Kaykas-Wolff: Yeah, so the kind of backstory and what’s important for everybody that’s in the audience to know is that this podcast is not a pitch for a product, it’s not about a company, it’s about the Bay Area. And the Bay Area is kind of special, but it’s also a little bit fucked up. I think we all kind of understand that, being here.

So what we want to do in the podcast is talk to people who have a very special, unique relationship with the Bay Area, no matter creators that are company builders, that are awesome entrepreneurs, that are just really cool and interesting people, and today we are really, really lucky to have an absolutely amazing entrepreneur, and also pretty heavy hitter in the technology scene. In a very specific and very special category of technology that Sunil really, really likes. The world of dating.

Rajaraman: Yeah, so it’s funny, the backstory to this is, Jascha have both been married, what, long time-

Kaykas-Wolff: Long time.

Rajaraman: And we have this weird fascination with online dating because we see a lot of people going through it, and it’s a baffling world, and so I want to demystify it a bit with Amanda Bradford today, the founder CEO of The League.

Bradford: You guys are like all of the married people looking at the single people in the petri dishes.

Rajaraman: So, I’ve done the thing where we went through it with the single friends who have the app, swiping through on their behalf, so it’s sort of like a weird thing.

Bradford: I know, we’re like a different species, aren’t we?


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Group dating app 3fun exposed sensitive data on 1.5 million users – gpgmail


More than 1.5 million users of a group dating service had their personal data exposed — including their real-time location — because of a vulnerability in the app.

The app, 3fun, bills itself as a “private space” where you can meet “local kinky, open-minded people.” But the data wasn’t private at all. Ken Munro, founder of Pen Test Partners, which published the research Thursday and shared its findings with gpgmail, said it was “probably the worst security for any dating app we’ve ever seen.”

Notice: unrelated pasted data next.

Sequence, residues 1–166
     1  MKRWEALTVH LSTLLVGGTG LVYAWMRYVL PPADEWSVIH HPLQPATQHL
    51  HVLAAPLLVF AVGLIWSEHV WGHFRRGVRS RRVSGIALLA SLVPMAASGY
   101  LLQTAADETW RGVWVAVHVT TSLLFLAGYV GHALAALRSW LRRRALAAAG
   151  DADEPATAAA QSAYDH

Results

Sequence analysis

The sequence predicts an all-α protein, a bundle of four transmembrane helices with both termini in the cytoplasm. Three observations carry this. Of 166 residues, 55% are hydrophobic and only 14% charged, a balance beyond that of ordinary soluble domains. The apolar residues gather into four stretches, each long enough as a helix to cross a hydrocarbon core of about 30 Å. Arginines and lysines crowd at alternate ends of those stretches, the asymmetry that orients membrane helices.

Pen Test Partners researchers found the app was leaking the precise location, photos and other personal details of any nearby user.

Worse, because the app wasn’t properly secured, the researchers found they could plug in any coordinates they wanted to spoof their location, revealing sensitive information on anyone within any location of their choosing, including government buildings, military bases, and even intelligence agencies.

gpgmail ran the same tests as Pen Test Partners and confirmed its findings. We were able to modify our current geolocation to any set of coordinates we wanted — including the White House and the CIA.

Using a man-in-the-middle tool like Burp Suite, we could capture our real location, manipulate it in transit on the way to the server, and receive a batch of data for that location.

One of the exposed user records (left) and an approximate representation of several users (right).

We found profiles of users at both locations, including their sexual preferences — including sexual orientation and their preferred matches; their age; username and their partner’s username; their bio — many of which included expansive, specific and personal information on the user; and their full-resolution profile picture. In some cases, dates of birth were also exposed.

None of the data was encrypted. The researchers called the app a “privacy train wreck.”

The researchers contacted 3fun on July 1 to report the bugs. Munro said the app maker took weeks to fix the issues.

We emailed 3fun with several questions, but spokesperson Jennifer White did not respond to a request for comment.

It’s the latest app to fall foul of proper security standards in recent months. Jewish dating app JCrush left 200,000 user records exposed in June following a security lapse. Last year on its launch day, conservative dating app Donald Daters exposed its entire user base — at the time some 1,600 users — after leaving a set of hardcoded keys in its app, which was quickly found after a security researcher decompiled the app.

Another dating app, Coffee Meets Bagel, was breached on Valentine’s Day, no less.

Well, that’s one way to a person’s heart — hacking their dating profile.